"Yeah. Yeah. I feel we've been playing more loose out here, not thinking too much, and it's helped a lot."
Why has that been hard for him?
"At the quarterback position, you have so many things to know, so much reading, so many things you're looking at, sometimes you get in a zone where you're thinking too much and not letting yourself play. But once you realize that and remind yourself to go out there and have fun and play fast, it kind of comes natural."
Can he compare his current struggle with that concept to how he performed in high school, where we imagine he wasn't thinking at all?
He chuckles. "Yeah. It's a drastic change. Senior year in high school, you just go out there and play fast and just react. Basically, you're not thinking at all. You're just making plays. Then you come here and have a lot more responsibilities, but when you stray away from that feeling of just having fun, that's sometimes when the problems occur. So you've got to get back to that mode."
Does he feel that mode coming back?
"Yeah. Definitely. That's what I first thought of actually (in the practices). When you start playing fast and letting it rip, it feels like high school. You just play."
Did he ever experience that feeling against either Illinois or Wisconsin, those games he started?
"Many points in the Wisconsin game we were moving the ball pretty well and it did feel, 'OK, you can do this.' It was boom, boom, boom, march down the field, and it kind of felt the same way. But obviously not enough. We have to improve on that, be more consistent with that."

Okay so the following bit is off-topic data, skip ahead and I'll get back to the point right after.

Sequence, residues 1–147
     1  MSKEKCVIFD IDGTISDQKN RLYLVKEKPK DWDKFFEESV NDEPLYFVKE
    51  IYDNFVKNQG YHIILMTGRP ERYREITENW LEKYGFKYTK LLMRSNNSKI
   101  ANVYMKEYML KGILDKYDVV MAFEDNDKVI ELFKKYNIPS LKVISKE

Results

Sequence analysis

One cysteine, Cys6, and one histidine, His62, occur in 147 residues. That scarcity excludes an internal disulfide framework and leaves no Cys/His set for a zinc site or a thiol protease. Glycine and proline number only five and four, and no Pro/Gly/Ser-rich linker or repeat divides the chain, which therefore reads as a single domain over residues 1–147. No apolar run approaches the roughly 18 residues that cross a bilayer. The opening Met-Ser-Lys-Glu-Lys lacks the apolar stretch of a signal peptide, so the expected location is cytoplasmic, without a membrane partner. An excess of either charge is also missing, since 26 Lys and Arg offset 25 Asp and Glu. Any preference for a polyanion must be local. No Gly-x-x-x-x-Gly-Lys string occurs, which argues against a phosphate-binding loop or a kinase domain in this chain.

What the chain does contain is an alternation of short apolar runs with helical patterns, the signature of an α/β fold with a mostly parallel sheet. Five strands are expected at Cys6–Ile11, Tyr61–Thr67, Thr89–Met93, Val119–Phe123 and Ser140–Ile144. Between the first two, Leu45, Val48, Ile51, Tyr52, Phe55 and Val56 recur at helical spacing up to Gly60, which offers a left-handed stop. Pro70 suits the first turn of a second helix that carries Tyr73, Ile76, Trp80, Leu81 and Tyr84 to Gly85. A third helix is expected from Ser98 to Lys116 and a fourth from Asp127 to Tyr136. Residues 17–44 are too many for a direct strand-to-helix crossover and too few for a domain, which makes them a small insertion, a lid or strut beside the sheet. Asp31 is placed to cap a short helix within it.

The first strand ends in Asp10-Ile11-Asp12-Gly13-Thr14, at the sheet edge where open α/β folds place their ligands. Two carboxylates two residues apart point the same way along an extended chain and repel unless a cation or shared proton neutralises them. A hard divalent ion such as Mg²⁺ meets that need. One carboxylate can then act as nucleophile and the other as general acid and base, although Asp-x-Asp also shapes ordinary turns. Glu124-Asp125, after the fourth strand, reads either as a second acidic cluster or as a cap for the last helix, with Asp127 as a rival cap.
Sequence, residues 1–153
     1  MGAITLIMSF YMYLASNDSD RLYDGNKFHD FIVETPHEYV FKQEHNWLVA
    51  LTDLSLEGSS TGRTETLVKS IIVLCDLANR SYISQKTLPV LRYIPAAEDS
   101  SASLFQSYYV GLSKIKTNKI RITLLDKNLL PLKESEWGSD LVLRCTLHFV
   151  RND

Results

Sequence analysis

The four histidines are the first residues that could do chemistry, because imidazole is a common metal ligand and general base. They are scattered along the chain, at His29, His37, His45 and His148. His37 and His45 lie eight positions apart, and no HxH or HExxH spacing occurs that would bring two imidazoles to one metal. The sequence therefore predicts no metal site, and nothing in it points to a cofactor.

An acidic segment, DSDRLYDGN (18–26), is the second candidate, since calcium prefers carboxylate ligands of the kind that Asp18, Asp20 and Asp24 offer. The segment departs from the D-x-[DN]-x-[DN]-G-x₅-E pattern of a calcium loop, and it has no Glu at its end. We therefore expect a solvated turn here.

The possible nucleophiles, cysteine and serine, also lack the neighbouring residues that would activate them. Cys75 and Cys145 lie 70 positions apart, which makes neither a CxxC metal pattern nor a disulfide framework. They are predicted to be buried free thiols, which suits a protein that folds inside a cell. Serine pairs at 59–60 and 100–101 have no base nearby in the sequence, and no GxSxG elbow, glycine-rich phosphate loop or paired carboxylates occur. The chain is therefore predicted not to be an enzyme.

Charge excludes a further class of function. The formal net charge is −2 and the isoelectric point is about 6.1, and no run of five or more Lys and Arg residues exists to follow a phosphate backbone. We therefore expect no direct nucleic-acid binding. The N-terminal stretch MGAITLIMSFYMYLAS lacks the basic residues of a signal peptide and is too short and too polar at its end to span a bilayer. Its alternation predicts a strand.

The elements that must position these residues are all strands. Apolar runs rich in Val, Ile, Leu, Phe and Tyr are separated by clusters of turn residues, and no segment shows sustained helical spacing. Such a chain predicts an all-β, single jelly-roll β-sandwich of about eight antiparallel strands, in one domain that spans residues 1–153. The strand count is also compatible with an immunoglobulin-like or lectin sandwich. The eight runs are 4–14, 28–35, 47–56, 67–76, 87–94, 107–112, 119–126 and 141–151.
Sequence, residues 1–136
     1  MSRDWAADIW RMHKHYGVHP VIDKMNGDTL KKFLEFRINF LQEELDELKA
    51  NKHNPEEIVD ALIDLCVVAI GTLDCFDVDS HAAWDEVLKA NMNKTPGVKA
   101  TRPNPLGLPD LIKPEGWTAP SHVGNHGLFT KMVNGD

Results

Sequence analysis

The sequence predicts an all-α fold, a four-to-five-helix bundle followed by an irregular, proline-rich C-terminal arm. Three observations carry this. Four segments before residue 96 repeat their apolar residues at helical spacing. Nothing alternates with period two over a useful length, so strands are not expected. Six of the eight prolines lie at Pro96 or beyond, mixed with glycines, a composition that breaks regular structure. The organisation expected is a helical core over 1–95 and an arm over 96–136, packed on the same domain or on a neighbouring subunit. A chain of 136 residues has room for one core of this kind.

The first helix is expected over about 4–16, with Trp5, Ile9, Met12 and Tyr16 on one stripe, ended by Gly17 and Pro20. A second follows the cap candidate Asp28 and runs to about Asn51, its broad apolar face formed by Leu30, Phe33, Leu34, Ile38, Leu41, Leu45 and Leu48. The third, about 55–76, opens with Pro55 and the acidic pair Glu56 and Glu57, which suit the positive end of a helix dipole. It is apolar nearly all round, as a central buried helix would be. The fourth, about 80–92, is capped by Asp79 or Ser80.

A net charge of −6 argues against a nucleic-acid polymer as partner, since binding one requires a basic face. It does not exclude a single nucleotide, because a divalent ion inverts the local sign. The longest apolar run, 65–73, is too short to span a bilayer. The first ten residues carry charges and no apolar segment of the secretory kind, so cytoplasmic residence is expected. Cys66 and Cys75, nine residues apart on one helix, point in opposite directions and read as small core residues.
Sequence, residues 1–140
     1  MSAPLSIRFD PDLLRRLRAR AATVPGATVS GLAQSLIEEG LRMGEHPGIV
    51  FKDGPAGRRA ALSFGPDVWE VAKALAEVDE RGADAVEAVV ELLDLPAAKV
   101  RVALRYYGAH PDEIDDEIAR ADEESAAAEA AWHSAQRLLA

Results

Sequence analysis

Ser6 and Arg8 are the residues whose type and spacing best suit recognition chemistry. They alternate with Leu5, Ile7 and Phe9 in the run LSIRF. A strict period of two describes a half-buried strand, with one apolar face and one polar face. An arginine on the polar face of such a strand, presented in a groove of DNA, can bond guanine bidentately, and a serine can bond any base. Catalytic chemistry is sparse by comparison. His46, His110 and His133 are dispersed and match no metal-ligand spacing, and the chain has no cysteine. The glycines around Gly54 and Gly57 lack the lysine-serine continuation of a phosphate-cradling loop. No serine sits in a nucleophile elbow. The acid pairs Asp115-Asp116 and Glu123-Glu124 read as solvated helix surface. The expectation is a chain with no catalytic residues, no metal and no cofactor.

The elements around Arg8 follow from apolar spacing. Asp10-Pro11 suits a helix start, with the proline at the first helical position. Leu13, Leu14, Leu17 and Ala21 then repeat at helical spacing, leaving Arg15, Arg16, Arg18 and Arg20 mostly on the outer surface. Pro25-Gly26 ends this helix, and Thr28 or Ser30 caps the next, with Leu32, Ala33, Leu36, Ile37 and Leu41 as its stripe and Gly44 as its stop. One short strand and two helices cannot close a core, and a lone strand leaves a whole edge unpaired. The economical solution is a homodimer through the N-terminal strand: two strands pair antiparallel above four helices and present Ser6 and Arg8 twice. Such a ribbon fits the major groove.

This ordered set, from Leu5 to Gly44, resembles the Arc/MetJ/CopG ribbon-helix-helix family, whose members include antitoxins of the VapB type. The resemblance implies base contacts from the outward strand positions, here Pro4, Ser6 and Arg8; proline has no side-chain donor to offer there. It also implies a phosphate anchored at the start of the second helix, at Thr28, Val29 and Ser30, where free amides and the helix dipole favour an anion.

The Big Ten will not only expand next season. It will also hand out a bevy of new awards and one of them, to the conference's best linebacker, will be named in honor 'Cat coach Pat Fitzgerald and former Illinois great Dick Butkus. (It is officially called the Butkus-Fitzgerald Trophy.) "It's pretty humbling. I'm honored," Fitzgerald said when asked about this. "I grew up wanting to win the Butkus Award (which goes to the nation's top linebacker). I grew up wanting to be that kind of linebacker. Now to be side by side with a player like that, a person like that, is an honor. Maybe one of the three boys (his three sons) can have a chance to compete for that one day. That would be pretty cool. Pretty cool. But I don't know if we have linebackers in the family right now. We'll see."
And finally, Persa, on himself: "I'm doing well. I'm ahead of schedule. I've been off crutches for about a week-and-a-half. So I'm doing really good." Is it hard for him watching? "Yeah. Yeah, it's hard. But I'm going to control what I can control and get better as fast as I can."
Check out the full Skip Myslenski NUsports.com Archive!
Be the first to know what's going on with the 'Cats -- Follow @NU_Sports on Twitter, become a fan of Northwestern Athletics on Facebook! and subscribe to the NU Sports Express e-newsletter to receive the latest news, schedule updates and video and to interact with NU. For more information on following specific Northwestern teams online, visit our Social Media page!